Another Atlantic Yards lawsuit Allegations that training program does not bring union jobs as promised
Seven Central Brooklyn residents last week filed a federal lawsuit against Atlantic Yards developer Forest City Ratner (FCR) and a local nonprofit organization alleging that the job training program they participated in did not result in their getting a construction union card nor work on the Atlantic Yards site.
The residents participated in a Brooklyn United for Innovative Local Development (BUILD) pre-apprentice job training program as part of the Atlantic Yards Community Benefits Agreement (CBA) between FCR and several local nonprofit organizations.
FCR is the primary funder of BUILD, which is run by longtime Crown Heights community activist James Caldwell.
“We believed them when they said that this was a path to union membership and union jobs,” said plaintiff Kathleen Noriega, 58, of Crown Heights. “They even told us that they had seen the union books that were reserved for us. They told us that we could rely on their promises because the CBA would guarantee that they keep their word.”
City Councilwoman Letitia James, who organized the press conference announcing the lawsuit, said the plaintiffs not only failed to find jobs out of the program, but also performed free labor in the construction of a house on Staten Island.
“As time moves forward, the mounting distance of (FCR President) Bruce Ratner’s promises becomes more apparent with the Atlantic Yards project,” said James. “Ratner has not fulfilled his promise of 17,000 jobs for the community. Ratner is not delivering on the 2,250 affordable housing units he promised. FCR has not delivered much to the community, and continues to do an injustice to Central and Downtown Brooklyn residents by disregarding their voices.”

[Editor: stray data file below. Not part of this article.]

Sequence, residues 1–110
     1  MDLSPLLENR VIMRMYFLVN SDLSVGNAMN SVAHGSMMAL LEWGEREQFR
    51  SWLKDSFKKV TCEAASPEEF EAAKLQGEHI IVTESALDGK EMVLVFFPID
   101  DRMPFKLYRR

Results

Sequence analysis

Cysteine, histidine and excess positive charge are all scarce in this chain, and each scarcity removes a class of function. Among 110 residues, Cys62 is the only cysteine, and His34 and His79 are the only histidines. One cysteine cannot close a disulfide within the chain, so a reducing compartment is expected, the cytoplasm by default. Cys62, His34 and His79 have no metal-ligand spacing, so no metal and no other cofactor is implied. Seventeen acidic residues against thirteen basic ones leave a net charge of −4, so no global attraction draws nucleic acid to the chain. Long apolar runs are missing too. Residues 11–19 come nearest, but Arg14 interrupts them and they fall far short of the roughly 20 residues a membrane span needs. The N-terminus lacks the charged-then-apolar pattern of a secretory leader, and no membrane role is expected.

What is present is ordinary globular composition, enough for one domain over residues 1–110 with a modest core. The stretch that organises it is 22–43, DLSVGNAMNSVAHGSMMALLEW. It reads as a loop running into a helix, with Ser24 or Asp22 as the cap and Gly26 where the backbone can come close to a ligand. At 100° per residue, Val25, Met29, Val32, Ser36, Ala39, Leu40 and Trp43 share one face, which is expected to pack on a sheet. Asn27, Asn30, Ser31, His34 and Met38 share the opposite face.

But both FCR and BUILD officials said union cards were never promised, and charged James, state Sen. Velmanette Montgomery and longtime foes of Atlantic Yards are behind the lawsuit. They also said their opposition is a major contributing force behind the lack of jobs as promised by the CBA.
“Were it not for the delays brought on by opponents of the project, including some of those behind this lawsuit, even more people would be employed right now,” said FCR spokesman Joe DePlasco.
Caldwell said his organization has placed close to 400 people from the community with jobs, many on other FCR developments, and that the downturn in the economy has caused the build-out of the Atlantic Yards project to be much slower.
“Everybody knows the bottom fell out on the construction industry, especially in New York City,” said Caldwell. “Even this project (Atlantic Yards) nearly ran out. Ratner had to go to Russia to save it.”
Upon final build-out, the Atlantic Yards project is planned to include 16 high-rise buildings split evenly between affordable and market rate housing, and an arena to house the Brooklyn Nets NBA basketball team. Thus far, only the Barclays Center arena in under construction.
DePlasco said there are about 800 people currently working on the Atlantic Yards project and it is the largest construction site in the city after the World Trade Center/Freedom Tower project.
Of these workers, 410 are city residents including 174 from Brooklyn, of which 67 are from Central Brooklyn. Additionally, 51 percent of all contracts and nearly 23 percent of all contract dollars have been awarded to MWBEs (minority-and women-owned business or enterprise), DePlasco said.
DePlasco said of the 36 people that went through the BUILD pre-apprenticeship training program, 19 were working in property management, retail or construction-related positions as of September this year.
But plaintiff Maurice Griffin, 23, said he took the training because he thought it meant he would get a construction union card. He finally got one on his own with the carpenters union.